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While his father James Womack, left, daughter Jozelen Womack, and Judge Tom Greenholtz watch, graduate Jason Womack, center, hugs his wife Charlene Womack as she holds their two-month-old son Kobra Womack, during Drug Court graduation on Monday, Feb. 22, 2016, in Chattanooga, Tenn. Womack reconciled with his wife and family during his progress through Drug Court.

Former drug addicts came to Hamilton County Criminal Court on Monday to party at one of the largest Drug Court graduations in the court's 10-year history.

Eleven of 113 Hamilton County Drug Court program participants graduated from the approximately 18-month program.

"This is about transformation," Judge Tom Greenholtz said. He spoke to a courtroom so packed people stood along the walls to fit in the room.

Drug Court graduations mark the best days Greenholtz has had in criminal court, he said.

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Judge Tom Greenholtz kneels to talk to Tatum Brown, son of graduate Randy Morgan, second from left, during Drug Court graduation on Monday, Feb. 22, 2016, in Chattanooga, Tenn.
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Participants and their supporters fill the courtroom of Judge Tom Greenholtz to attend Drug Court graduation on Monday, Feb. 22, 2016, in Chattanooga, Tenn.

Some graduates have overcome drug addictions that plagued them for years, and now they've remained drug free for more than a year.

Drug Court is the last stop before a person goes to jail, said court director Elaine Kelly, who founded the program in 2005 with retired Hamilton County Criminal Court Judge Rebecca Stern.

The Drug Court program is intended to be a marriage between treatment and criminal justice supervision, Kelly said.

Because the court has grown so large, Kelly said, it no longer could be held only on Mondays.

She said people in Phase 1, 2, and 3 will continue to meet Mondays. But those in Phase 4 and 5 will meet on Fridays, starting in April.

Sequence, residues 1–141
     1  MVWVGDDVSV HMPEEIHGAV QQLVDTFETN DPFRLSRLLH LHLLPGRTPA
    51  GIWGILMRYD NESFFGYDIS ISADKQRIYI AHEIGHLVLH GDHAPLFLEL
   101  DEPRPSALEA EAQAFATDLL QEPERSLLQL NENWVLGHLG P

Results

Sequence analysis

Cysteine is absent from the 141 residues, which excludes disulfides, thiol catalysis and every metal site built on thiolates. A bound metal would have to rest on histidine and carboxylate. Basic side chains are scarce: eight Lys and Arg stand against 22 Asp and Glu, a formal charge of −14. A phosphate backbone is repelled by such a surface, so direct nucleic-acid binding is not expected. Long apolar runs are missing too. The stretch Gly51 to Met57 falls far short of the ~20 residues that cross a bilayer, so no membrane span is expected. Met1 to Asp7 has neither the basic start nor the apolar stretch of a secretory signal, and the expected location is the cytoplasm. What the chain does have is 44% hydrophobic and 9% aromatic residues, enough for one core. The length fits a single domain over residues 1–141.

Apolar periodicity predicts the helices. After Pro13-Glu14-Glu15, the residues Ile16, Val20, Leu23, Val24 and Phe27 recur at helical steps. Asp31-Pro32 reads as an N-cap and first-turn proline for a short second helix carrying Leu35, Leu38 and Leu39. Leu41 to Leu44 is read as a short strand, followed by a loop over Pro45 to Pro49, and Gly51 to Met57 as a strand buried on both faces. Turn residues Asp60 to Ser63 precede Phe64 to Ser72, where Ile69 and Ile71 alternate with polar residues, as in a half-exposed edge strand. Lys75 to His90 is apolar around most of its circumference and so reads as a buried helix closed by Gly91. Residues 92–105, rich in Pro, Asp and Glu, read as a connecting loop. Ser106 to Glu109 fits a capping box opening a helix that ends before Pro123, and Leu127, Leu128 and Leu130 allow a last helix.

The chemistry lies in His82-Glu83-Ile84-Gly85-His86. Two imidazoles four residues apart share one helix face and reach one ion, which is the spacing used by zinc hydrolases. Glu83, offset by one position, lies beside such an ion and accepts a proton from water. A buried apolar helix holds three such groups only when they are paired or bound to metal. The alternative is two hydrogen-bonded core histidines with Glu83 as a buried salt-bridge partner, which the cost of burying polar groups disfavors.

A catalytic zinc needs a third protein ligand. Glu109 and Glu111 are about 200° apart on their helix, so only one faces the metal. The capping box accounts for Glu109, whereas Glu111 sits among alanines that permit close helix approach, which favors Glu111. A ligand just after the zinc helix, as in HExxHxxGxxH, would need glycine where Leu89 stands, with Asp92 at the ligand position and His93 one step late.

Greenholtz spoke about the participants' transformations as several glassy-eyed mugshots of the graduates were projected on a screen, showing how they looked when they started the program.

Then came smiling photos of participants as they neared graduation.

Many of them had become detached from their families because of their addictions. But, thanks to the Drug Court program, they mended those relationships.

"Let me announce you as you go forth into the world," Greenholtz said to each graduate, placing his hand on their shoulders and calling their names. "This is your send-off into the world."

He encouraged the graduates to find time to celebrate.

Some families held balloons inside the courtroom. Others recorded and photographed the ceremony. Outside the courtroom, blue tablecloths covered tables filled with fruit, cheese and cracker trays, pizza and a large cake that read "Congratulations Graduates."

Several graduates thanked their family, friends, caseworkers and employers who helped them stay drug-free.

Brian Sales, a 2008 Drug Court graduate, addressed the packed courtroom Monday.

"I should've been locked up for 19 years," he said. "This changed my life. Now I've got my contractor's license."

Cendy Barber came with her 14-month-old granddaughter to cheer for her foster daughter, Carolynn KC Ferguson.

Barber fostered Ferguson from the time she was 3 days old until age 13. Ferguson, now 25, got so hooked on methamphetamine — the drug of choice for 60 percent of Drug Court participants — that she and Barber parted ways, and Ferguson went to live with another family member. After going through Drug Court, she kicked a 10-year meth habit.

Barber came Monday, glad to see Ferguson doing well.

"I got my family back," Ferguson said. "I got a job. I've got my integrity back. My word means something now."

Graduate Tony Williams hugged the judge after getting his certificate.

"I'm thankful for this program, because I was tired of going to jail," he said.

Contact staff writer Yolanda Putman at yputman@timesfreepress.com or 423-757-6431.

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